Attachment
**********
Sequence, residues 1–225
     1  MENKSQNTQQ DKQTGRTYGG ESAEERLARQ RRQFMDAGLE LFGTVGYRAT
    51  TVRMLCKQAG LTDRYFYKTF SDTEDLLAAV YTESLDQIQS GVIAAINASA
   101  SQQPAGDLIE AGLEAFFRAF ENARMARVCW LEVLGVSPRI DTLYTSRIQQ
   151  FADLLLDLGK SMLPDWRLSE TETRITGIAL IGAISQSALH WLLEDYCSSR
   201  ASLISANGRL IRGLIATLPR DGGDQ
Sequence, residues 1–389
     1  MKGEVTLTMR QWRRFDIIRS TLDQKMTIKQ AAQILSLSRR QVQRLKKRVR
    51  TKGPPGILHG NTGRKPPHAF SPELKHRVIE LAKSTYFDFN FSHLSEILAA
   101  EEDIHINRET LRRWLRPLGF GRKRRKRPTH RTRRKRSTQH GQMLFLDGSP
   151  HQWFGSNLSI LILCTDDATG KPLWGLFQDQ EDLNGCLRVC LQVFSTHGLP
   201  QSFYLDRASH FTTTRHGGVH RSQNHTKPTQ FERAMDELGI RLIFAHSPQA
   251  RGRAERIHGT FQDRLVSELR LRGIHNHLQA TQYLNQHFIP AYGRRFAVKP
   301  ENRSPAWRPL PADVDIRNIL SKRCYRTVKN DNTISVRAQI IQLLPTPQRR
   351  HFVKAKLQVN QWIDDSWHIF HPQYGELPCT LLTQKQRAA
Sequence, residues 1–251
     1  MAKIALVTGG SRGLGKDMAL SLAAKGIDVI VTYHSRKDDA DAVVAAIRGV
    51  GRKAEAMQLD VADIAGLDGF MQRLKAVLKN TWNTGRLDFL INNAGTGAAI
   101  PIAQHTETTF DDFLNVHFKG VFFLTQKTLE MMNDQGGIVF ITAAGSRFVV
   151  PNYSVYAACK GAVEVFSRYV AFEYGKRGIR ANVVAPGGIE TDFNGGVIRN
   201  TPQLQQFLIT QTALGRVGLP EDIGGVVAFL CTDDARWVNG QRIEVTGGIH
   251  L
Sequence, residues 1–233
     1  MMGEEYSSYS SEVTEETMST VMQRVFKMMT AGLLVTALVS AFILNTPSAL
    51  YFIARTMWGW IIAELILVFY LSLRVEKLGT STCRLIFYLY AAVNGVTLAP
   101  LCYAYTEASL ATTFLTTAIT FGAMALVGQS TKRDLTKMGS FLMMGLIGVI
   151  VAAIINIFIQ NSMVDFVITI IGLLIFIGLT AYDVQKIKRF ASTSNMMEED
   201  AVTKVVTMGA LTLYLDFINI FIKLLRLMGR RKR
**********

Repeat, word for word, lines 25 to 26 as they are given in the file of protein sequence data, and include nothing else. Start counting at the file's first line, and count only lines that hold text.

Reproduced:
    51  YFIARTMWGW IIAELILVFY LSLRVEKLGT STCRLIFYLY AAVNGVTLAP
   101  LCYAYTEASL ATTFLTTAIT FGAMALVGQS TKRDLTKMGS FLMMGLIGVI